Republican Lawmaker: 'We Shouldn't Be Talking About Liz Cheney, We Should Be Talking About...Radical Biden Agenda'

By Susan Jones | May 10, 2021 | 5:16am EDT
Rep. Liz Cheney (R-Wyo.) waits for President Joe Biden to deliver his first address to a joint session of Congress at the U.S. Capitol on April 28, 2021. (Photo by JONATHAN ERNST/POOL/AFP via Getty Images)
Rep. Liz Cheney (R-Wyo.) waits for President Joe Biden to deliver his first address to a joint session of Congress at the U.S. Capitol on April 28, 2021. (Photo by JONATHAN ERNST/POOL/AFP via Getty Images)

( - Rep. Jim Banks (R-Ind.), chair of the conservative Republican Study Committee, is among the House Republicans who are eager to push Republican Liz Cheney of Wyoming out of her leadership position.

Banks told "Fox News Sunday" with Chris Wallace that Cheney is a "distraction" from the Republican mission to oppose Biden and win seats in 2022:

I'm the leader of the largest conservative caucus, Republican Study Committee. Chris, it's uncomfortable at times, but one of my jobs is to hold my Republican leadership accountable for being focused on the Republican ideals that we stand for and the single mission that we have to win back the majority.

And, at this point, the reason, Chris, that you and I are talking about Liz Cheney on this important program on Sunday morning is -- is exact -- the exact evidence that she's failed in her mission as the chief spokesperson of our party. We shouldn't be talking about Liz Cheney, we should be talking about pushing back against the radical Biden agenda. And this is all a distraction from our ability to be able to do that.

That -- that's why she will likely be replaced this week...We'll sort it out. I don't know who will replace her. But that will be a discussion the House conference will have this week, that we're going to take up because, at this point, it's necessary to do so.

Banks said winning the midterm election should be the goal of all Republicans, and "we are almost entirely unified on that mission except for Liz Cheney."

Cheney, the highest ranking woman in Republican leadership, does oppose the Biden agenda. But she disagrees with Banks and other Republicans on the future of the post-Trump Republican Party.

She infuriated her fellow Republicans when she voted to impeach Donald Trump for incitement of insurrection following the January 6 attack on the U.S. Capitol. Since then, she has called Trump's claim that the election was stolen a "big lie."

Cheney has made it clear she does not and will not have anything to do with Donald Trump, and unlike Banks and other Republican leaders, she rejects Trump’s influence on her party.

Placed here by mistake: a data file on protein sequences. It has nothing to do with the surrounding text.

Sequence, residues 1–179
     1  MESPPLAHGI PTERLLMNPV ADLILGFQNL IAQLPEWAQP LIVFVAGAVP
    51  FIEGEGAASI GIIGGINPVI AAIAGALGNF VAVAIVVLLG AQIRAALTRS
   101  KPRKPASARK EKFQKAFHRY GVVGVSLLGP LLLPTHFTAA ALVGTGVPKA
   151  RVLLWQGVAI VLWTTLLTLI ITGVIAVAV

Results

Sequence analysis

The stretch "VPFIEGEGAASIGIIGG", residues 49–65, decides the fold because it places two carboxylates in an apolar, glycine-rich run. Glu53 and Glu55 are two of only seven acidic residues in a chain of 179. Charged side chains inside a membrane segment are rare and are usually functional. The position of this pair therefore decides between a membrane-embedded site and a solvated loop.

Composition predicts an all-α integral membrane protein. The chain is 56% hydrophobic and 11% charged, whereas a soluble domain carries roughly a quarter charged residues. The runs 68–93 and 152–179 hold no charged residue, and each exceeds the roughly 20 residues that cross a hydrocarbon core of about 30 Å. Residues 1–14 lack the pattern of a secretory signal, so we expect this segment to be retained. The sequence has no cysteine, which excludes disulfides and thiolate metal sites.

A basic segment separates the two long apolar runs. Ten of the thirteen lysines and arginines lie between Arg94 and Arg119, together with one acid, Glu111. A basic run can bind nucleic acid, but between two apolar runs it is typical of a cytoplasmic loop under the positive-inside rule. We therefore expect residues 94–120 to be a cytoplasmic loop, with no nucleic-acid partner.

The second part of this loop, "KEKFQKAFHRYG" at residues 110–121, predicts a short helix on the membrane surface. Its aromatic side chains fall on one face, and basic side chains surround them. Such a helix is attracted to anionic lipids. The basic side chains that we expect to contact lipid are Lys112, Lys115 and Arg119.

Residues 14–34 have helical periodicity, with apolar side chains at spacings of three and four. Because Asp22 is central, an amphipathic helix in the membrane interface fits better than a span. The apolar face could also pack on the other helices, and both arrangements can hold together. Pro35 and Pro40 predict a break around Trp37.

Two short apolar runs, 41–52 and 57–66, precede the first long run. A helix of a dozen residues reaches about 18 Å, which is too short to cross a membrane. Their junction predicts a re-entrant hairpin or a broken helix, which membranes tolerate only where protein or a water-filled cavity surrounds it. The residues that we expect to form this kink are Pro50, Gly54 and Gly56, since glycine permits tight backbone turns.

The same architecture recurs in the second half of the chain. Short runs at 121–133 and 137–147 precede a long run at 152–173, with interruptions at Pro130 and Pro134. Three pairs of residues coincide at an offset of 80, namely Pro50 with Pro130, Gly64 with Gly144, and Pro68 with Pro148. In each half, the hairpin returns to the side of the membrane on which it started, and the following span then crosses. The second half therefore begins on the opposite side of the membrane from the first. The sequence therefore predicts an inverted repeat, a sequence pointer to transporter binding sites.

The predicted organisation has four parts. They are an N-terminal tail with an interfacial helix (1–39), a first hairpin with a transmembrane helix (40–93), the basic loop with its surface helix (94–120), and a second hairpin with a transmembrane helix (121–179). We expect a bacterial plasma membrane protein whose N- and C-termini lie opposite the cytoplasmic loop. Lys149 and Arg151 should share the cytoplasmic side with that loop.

As Politico reported in early April, the animosity between Banks and Cheney is somewhat personal.

In a memo to House Republican Leader Kevin McCarthy last month – an internal memo obtained by Politico -- Banks urged Republicans to "capitalize on the gift Donald Trump gave us, which was his connection with working-class voters.”

“Because of Trump, the GOP has undergone a coalitional transformation and is now the party of the working class,” Banks wrote.

But Cheney rejected Banks's argument, Politico reported, citing "sources." "Cheney argued the GOP is not the party of class warfare and that dividing society into classes while attacking the private sector is neo-Marxist and wrong," the report said.

Banks on Sunday referred to the memo he wrote to House Republican leader Kevin McCarthy last month:

"I wrote a memo, Chris, recently to Leader McCarthy about how we keep Trump voters in the Republican fold. You can find it at And Liz Cheney is the only Republican leader who attacked the memo about making the Republican Party the party of the working class.

"If she doesn't get that, that that's an important part of the formula to win the majority back in the midterm election and win the White House back in 2024, then she doesn't belong in a leadership position," Banks said.

As for Cheney’s “big lie” criticism of Trump, Banks on Sunday said, "I've never said that the election was stolen. I've said I have very serious concerns with -- with how the election was conducted in last November because of COVID rules that loosened voter identification laws."

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